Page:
Badgers are easily recognized. The low, flattish profile and white middorsal head stripe are diagnostic. The common name is thought to refer to the black “badge”-shaped markings on their cheeks. There are four, fifteen, or twenty-one subspecies of badger in North America, depending on who you ask. All sources recognize the two subspecies found in Minnesota. Common badger, the largest subspecies, is found in the western border counties. Jackson’s badger, typically darker and smaller, is found in the remainder of the state.

  American badger
  Photo by Wayne Rasmussen
   
   
   
   
   
   
   
   
     
Northern short-tailed shrew
     

Northern short-tailed shrew (Blarina brevicauda) is the only poisonous mammal on the North American mainland. Its poisonous bite allows it to paralyze its prey and eat it at a later time. It is sufficiently strong to kill animals up to the shrew’s size, and to produce a very painful reaction in humans who handle the shrew.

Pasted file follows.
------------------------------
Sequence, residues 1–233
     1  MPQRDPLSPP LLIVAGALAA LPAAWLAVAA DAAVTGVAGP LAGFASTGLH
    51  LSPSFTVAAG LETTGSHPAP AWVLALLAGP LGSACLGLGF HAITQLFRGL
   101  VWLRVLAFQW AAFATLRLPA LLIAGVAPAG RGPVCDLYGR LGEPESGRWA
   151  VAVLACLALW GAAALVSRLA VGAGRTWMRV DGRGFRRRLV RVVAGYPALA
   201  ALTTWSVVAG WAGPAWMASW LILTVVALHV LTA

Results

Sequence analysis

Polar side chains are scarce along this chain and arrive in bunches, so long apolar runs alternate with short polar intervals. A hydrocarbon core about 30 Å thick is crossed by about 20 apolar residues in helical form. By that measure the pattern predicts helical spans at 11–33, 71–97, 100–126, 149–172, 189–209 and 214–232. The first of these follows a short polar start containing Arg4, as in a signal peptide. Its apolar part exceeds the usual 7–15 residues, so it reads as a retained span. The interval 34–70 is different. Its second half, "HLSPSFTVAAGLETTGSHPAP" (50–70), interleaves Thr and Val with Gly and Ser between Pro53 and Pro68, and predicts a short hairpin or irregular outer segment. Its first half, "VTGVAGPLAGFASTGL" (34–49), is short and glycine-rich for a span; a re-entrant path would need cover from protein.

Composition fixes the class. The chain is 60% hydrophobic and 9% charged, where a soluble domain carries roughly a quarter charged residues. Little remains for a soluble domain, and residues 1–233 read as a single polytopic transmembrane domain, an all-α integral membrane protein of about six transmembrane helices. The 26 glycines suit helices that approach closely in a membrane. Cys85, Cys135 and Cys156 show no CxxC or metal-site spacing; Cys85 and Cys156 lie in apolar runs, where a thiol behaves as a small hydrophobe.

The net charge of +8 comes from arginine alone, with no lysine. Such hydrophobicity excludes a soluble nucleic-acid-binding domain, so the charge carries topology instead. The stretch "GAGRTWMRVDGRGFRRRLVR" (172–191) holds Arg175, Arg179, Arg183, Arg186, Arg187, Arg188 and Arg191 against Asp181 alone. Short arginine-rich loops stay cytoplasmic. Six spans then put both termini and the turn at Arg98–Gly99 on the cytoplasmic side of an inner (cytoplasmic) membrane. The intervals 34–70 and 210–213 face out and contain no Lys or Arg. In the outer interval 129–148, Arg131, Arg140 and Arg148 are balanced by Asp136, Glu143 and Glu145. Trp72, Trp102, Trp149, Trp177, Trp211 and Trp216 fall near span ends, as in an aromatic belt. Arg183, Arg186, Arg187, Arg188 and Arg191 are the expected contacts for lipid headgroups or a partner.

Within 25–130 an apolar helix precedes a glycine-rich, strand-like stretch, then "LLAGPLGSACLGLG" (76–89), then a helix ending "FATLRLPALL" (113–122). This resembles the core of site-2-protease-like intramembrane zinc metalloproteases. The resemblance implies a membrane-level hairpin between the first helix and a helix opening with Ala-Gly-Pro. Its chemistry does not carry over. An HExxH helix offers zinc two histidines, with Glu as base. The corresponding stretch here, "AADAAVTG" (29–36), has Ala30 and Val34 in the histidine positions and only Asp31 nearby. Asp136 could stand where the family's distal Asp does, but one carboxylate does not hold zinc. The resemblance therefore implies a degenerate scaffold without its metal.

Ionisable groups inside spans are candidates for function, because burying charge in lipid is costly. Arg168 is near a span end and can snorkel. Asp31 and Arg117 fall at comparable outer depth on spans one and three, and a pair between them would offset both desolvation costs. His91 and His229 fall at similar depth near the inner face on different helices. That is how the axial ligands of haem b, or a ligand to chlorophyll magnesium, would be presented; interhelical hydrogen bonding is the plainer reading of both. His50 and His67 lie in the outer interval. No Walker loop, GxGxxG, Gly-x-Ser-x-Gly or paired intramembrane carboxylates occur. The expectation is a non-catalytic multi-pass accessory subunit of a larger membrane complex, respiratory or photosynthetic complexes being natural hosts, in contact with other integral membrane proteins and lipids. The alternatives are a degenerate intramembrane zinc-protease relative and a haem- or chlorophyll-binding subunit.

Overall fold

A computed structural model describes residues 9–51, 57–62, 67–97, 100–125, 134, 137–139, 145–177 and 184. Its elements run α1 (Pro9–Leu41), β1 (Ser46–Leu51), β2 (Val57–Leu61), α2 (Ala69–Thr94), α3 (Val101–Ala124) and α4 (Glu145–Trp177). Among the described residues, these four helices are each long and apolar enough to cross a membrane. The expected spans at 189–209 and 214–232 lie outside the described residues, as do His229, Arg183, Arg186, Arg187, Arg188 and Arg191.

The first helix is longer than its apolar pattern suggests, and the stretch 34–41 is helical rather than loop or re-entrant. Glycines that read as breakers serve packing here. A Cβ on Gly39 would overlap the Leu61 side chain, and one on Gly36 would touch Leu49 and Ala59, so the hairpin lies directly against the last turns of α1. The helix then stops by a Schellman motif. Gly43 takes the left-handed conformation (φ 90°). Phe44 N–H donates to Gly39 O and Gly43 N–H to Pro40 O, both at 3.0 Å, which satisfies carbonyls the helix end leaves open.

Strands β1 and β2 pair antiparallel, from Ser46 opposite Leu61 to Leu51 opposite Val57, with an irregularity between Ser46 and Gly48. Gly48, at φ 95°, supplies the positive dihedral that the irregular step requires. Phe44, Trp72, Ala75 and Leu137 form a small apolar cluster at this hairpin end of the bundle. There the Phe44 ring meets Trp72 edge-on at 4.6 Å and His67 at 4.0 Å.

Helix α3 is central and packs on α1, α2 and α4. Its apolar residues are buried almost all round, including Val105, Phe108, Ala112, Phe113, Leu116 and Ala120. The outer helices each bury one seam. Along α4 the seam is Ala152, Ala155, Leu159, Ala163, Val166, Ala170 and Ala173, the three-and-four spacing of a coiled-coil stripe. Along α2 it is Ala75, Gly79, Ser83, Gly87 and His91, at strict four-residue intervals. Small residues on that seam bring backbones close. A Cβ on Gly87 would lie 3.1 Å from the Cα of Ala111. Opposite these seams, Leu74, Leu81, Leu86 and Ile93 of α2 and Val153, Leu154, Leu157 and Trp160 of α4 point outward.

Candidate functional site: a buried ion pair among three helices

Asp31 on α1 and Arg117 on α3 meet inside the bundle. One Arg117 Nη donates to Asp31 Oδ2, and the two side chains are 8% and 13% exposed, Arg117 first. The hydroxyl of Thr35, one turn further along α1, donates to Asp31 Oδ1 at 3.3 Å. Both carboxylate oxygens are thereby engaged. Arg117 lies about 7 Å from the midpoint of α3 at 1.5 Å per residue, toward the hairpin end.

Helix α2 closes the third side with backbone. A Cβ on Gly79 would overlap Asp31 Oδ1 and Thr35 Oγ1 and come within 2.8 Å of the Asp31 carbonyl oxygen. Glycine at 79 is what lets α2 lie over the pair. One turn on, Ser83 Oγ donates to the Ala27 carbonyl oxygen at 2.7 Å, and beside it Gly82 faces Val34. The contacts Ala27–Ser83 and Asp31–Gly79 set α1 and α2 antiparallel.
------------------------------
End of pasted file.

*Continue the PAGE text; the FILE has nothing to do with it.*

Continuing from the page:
It has a poor sense of smell and very poor vision. It can navigate and detect objects in its environment using echolocation and and touch. Like bats, it emits a series of ultrasonic squeaks to detect its surroundings. Unlike bats, it does not use echolocation to locate prey. Its snout and whiskers are highly sensitive to touch.

There are 385 species of shrew worldwide, 7 in Minnesota. Northern short-tailed shrew is the largest and most widespread in eastern North America and the most common in Minnesota. The combination of large size and short tail distinguish this from all other shrew species in Minnesota.